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Perspective: The Precision Medicine Enterprise and Benefits to the Genetically Heterogeneous Diaspora to Brazil and US

The timing for this project is right given that most health records have migrated to electronic format, and that the cost of genomic testing has fallen

Submitted by KiTani Parker Lemieux1 and C. Reynold Verret1

1   Xavier University of Louisiana

People of African descent are a significant component of population in the Americas, including Brazil and the United States.   They contribute mightily to culture and society and also to the health care challenges of our nations.   The African diaspora in the Americas and other Latin Americans represents a genetically, highly heterogeneous population, due to admixture from European, Asian and Native American contributions  (1) The extent of admixture varies across the continent and within nations.

The Precision Medicine Initiative (PMI) seeks to better comprehend how a patient’s biology, environment, and lifestyle can influence prevention and treatment of disease.  Advances in genetic technology, including rapid sequencing, now allow health-care providers to identify individualized factors relevant to health status and treatment, rather than to focus on general attributes of groups, i.e. race or other loosely defined characteristics.   Thus, it responds to the profound genetic heterogeneity of peoples of African descent in the Americas.

In May 2017, the US National Institutes of Health announced the All of Us initiative, with a goal to gather individualized biological, environmental, and lifestyle data across the US population and to include all racial categories within the US territory.  Indeed, it is  a gift of better health care from the current generation to its descendants.   By considering these three major areas, the All of Us project will uncover areas avenues to improve clinical practice and patient outcomes by no longer treating patients as individuals as opposed to in a “one size fits all” approach (2).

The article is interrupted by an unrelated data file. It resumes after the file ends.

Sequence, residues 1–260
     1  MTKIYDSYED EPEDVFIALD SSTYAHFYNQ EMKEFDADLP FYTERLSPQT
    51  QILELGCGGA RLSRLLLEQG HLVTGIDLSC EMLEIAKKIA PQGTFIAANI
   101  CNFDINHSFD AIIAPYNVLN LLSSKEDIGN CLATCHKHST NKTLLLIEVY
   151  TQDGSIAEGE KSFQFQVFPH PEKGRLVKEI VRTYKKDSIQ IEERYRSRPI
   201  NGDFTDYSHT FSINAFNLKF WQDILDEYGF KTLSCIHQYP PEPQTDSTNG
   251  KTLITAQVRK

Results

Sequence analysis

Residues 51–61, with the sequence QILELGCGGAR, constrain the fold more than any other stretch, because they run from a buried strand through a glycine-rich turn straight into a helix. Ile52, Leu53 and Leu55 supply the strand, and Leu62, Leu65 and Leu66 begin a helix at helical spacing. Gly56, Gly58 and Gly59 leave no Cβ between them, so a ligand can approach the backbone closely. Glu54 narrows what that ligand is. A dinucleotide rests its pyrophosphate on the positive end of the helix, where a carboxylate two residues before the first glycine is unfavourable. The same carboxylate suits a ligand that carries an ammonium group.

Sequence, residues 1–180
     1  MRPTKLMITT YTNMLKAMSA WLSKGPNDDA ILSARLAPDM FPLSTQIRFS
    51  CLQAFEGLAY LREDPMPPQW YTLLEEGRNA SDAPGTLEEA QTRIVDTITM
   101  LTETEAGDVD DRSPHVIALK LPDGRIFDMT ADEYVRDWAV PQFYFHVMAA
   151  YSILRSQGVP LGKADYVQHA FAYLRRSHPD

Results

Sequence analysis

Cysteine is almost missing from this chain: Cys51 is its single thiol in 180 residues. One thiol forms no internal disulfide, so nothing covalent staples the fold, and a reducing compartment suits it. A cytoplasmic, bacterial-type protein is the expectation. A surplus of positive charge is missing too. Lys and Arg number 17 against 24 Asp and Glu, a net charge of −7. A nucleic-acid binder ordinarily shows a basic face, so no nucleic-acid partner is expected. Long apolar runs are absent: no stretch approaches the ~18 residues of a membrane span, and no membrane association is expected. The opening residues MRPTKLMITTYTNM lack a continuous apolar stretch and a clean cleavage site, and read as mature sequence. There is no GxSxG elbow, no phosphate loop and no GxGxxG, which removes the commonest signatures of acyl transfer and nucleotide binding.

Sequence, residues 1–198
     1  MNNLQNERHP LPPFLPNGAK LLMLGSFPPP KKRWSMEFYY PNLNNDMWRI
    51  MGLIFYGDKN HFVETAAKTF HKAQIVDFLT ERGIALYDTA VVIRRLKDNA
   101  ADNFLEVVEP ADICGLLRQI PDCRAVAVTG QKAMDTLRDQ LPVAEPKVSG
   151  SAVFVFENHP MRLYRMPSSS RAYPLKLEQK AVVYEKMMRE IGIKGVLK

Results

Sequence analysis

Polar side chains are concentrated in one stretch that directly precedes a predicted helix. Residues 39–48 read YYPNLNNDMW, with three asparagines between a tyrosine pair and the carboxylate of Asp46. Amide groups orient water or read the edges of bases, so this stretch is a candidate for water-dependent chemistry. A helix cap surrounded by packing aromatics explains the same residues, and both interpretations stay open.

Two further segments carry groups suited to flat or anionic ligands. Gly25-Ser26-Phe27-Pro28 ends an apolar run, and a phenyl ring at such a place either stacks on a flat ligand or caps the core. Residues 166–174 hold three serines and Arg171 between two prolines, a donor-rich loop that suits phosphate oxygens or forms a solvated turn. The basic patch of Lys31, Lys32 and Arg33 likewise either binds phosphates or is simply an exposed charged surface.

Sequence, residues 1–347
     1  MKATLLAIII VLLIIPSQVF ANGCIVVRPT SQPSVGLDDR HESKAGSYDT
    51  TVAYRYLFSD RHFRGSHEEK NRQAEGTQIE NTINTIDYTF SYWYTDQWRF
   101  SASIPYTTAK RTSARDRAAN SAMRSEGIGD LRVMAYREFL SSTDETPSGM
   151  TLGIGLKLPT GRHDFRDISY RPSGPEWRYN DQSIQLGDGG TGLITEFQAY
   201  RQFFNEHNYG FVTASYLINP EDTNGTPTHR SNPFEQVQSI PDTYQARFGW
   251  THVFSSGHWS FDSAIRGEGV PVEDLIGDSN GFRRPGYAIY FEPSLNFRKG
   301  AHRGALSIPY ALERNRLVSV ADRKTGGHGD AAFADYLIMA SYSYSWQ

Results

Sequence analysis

The timing for this project is right given that most health records have migrated to electronic format, and that the cost of genomic testing has fallen.  Technology allows for the management of “Big Data”, for example from the Human Genome Map, proteomics, and other omics data streams (3).  Instigation from National Institutes of Health (NIH) can assure broad cooperation across the health care system.  The burden of cancers, infectious diseases, and cardiovascular disorders has disproportionately affected African Americans and people from the Caribbean and Latin America.  By including a diverse population of participants in the All of Us Initiative would advance elimination of health disparities because it would better differentiate factors leading to disease and allow for individualized treatment.   Xavier’s unique history position our institution to engage underrepresented minority (URM) participants and contribute to the success of the PMI and All of Us Initiative.